So what's Precession? Precession was first discovered by the classical astronomer Hipparchus in the second century BC by comparing star charts he made to those made hundreds of years before him and noting how the sky "shifted". Earth is not a perfect sphere. Because it rotates, the centrifugal force makes Earth bulge at the equator (Earth's equatorial diameter is 13 miles larger than its polar diameter.) The Moon, Sun, and to a much lesser extent, other planets, pull on this bulge. This gravitational tug of war causes Earth to precess (wobble) on its rotating axis (much like how a gyroscope wobbles but doesn't fall over). Over the course of 25,800 years, the wobbling makes Earth's polar (rotating) axis trace a complete circle. This shifts the regular position of the stars we see, and so we now see the Sun go through an additional constellation.

Keep in mind that all other stars we see shift in the same manner, in the same direction and at the same rate. Polaris, our "north star", is currently about 3/4° from Earth's northern celestial pole. 600 years ago, it was 3.5° away from the NCP. 2000 years ago it was 12° away from the NCP and couldn't really be considered the north star. In fact, back in 2,700 BC, the north star was actually the star Thuban, which as a result held a great importance in ancient Egyptian theology. Today, Thuban is about 25° from the NCP.

First Light

In the very early hours of December 25, 2004 at approx. 1:30am at 39.39875º N, 77.10772º W, I made first light with my new Orion XT10i Inteliscope dobsonian telescope. The sky was very good with little surface winds with a temperature of 19 F, and a 13.28-day old waxing gibbous moon.

Orientation stars for alignment of the telescope computer were Betelgeuse (Orion) and Mizar (Ursa Major). Both were easily found in the 7 degree FOV finder scope. Betegeuse shown a pale orange color, owing to its status as a dying red giant star 429 light years away. Mizar, which is the middle star of the "Big Dipper" handle, is a small, bright binary star.

First target after orientation was the Orion Nebula, NGC 1976 and its companion, De Mairan's Nebula, M43. I zeroed in on NGC 1976 with ease, and was amazed at how spot-on the Orion Intelliscope computer was about giving directions. With the 10mm Plossl eye piece installed in the telescope, I could see both nebulas at once. The nearly-full moon's light blocked out a lot of color, but I could clearly make out the faint blue-green clouds of both nebulas, and if the moon weren't so bright, I probably would have seen some red, too.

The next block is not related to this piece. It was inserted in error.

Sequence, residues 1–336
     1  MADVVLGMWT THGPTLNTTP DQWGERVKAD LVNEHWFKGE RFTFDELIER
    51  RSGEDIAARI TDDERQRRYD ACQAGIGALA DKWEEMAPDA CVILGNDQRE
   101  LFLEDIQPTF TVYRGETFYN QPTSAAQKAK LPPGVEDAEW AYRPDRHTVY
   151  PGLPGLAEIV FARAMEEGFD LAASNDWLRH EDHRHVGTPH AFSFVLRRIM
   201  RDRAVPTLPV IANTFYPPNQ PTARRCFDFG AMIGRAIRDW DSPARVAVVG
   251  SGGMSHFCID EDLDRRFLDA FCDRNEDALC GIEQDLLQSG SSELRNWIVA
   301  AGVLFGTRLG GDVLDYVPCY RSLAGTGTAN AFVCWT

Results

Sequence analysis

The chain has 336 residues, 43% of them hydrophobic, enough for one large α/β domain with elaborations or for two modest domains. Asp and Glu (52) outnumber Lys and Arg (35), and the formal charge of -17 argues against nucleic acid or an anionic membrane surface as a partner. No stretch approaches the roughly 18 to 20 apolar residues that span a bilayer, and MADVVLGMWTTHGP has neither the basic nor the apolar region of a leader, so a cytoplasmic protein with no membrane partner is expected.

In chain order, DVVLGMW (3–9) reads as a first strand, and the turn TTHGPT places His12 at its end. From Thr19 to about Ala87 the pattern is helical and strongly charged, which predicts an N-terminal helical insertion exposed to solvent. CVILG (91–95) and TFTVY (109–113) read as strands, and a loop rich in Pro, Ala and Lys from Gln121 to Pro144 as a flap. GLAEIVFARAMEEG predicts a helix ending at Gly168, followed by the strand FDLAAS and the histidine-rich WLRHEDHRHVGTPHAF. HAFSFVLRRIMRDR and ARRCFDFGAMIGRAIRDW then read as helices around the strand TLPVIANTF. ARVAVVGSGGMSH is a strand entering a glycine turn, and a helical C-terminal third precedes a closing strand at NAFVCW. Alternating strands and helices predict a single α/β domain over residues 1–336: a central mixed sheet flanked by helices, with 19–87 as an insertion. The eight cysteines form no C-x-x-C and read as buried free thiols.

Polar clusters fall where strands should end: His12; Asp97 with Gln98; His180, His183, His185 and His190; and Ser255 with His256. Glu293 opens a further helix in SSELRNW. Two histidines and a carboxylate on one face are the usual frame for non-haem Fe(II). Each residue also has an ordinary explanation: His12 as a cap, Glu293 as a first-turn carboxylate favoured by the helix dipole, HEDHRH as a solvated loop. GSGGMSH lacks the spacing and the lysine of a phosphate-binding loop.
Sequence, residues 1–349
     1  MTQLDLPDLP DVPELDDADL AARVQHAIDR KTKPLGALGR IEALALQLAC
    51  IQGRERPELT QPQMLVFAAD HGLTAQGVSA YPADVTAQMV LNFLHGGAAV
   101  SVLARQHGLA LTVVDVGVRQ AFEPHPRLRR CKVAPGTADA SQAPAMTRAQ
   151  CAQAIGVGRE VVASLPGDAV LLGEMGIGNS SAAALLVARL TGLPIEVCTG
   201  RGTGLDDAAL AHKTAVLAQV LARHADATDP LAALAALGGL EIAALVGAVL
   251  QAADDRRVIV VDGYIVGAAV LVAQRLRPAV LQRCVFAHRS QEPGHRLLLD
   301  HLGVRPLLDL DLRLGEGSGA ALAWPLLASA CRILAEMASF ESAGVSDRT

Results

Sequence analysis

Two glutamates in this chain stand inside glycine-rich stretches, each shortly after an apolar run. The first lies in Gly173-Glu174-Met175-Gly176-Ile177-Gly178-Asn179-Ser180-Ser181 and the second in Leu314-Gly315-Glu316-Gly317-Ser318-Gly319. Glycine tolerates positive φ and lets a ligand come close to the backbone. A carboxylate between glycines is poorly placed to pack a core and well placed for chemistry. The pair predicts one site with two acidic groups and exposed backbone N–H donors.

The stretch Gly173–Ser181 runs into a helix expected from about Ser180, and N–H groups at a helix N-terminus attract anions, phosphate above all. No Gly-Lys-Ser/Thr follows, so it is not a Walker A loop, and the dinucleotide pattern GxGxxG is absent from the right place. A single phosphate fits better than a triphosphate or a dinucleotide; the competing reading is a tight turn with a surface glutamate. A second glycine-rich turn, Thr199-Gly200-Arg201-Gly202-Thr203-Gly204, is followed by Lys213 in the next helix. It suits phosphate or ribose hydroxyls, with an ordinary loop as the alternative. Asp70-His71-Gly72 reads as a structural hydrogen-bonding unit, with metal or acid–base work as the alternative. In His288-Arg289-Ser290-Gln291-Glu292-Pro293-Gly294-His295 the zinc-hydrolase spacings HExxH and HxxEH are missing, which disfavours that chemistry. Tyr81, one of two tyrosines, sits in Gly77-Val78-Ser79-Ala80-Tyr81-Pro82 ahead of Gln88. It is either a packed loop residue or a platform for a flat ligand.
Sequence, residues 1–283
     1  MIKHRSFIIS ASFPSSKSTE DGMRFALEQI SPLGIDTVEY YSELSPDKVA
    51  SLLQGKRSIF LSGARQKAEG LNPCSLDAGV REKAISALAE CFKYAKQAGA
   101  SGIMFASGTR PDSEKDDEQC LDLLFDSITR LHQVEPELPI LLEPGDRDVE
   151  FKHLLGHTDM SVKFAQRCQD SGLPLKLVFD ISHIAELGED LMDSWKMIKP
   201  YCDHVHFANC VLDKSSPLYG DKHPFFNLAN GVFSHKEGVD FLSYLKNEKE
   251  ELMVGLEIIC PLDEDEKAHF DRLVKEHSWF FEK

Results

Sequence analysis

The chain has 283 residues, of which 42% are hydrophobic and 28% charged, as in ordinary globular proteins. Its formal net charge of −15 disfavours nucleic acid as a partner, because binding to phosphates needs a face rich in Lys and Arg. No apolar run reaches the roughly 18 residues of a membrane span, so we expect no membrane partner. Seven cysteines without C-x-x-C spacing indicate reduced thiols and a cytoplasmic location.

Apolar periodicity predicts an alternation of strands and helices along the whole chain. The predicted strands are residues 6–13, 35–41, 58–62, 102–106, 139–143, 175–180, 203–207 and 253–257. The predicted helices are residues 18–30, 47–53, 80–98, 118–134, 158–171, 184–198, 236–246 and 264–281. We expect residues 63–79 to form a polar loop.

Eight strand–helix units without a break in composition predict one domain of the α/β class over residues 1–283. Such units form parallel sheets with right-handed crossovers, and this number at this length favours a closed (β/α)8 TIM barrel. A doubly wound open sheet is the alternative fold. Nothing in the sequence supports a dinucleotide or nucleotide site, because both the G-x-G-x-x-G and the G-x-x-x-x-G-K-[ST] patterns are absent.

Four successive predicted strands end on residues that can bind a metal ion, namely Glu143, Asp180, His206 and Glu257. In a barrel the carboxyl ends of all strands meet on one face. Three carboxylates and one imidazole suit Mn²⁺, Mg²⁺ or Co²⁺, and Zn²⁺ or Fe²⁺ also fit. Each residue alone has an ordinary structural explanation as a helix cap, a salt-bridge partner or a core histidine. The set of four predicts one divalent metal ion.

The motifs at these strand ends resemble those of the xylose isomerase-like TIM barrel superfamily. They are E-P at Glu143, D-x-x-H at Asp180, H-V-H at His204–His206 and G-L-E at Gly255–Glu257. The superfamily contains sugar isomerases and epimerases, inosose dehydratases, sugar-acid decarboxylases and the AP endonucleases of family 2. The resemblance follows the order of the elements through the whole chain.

The second target was Saturn, which was high in the easten sky just below the stars Pollux and Castor. Again, supplied with the right date, the Intelliscope system allowed enough accuracy to get Saturn in the finder scope, and the resulting view through the 10mm Plossl was astounding. The rings, with their Cassini division, were clearly discernable, and I could even make out faint color bands in the southern hemisphere of the planet. Several moons were also visible as bright points. I could clearly make out Dione and Rhea.

Because it was 19 degrees F out, I opted for one last target, and that was… a plane! Yes, suddenly, a bright flickering light appeared on the western horizon and quite low. I could not make out what it was, so I swiveled my telescope around and found the object in the finder scope, and then got a look at it through my eye piece. It was a jet liner. Flying straight at me. Its head-on profile filled my eye piece and I could make out the bright landing lights together with the red and green navigation lights on the wing tips. Because the plane was flying towards me, I could keep it targeted in my eye piece's field of view for a relatively long time before having to adjust the scope.

Well, there was now a visible "pool" of frost on the body of the telescope near the eye piece (from my breath), so it was time to go inside and get warm. This was a wonderful "first light" and I can't wait for the next clear night, where I'm sure I'll be outside again, ignoring the cold to see the heavens above.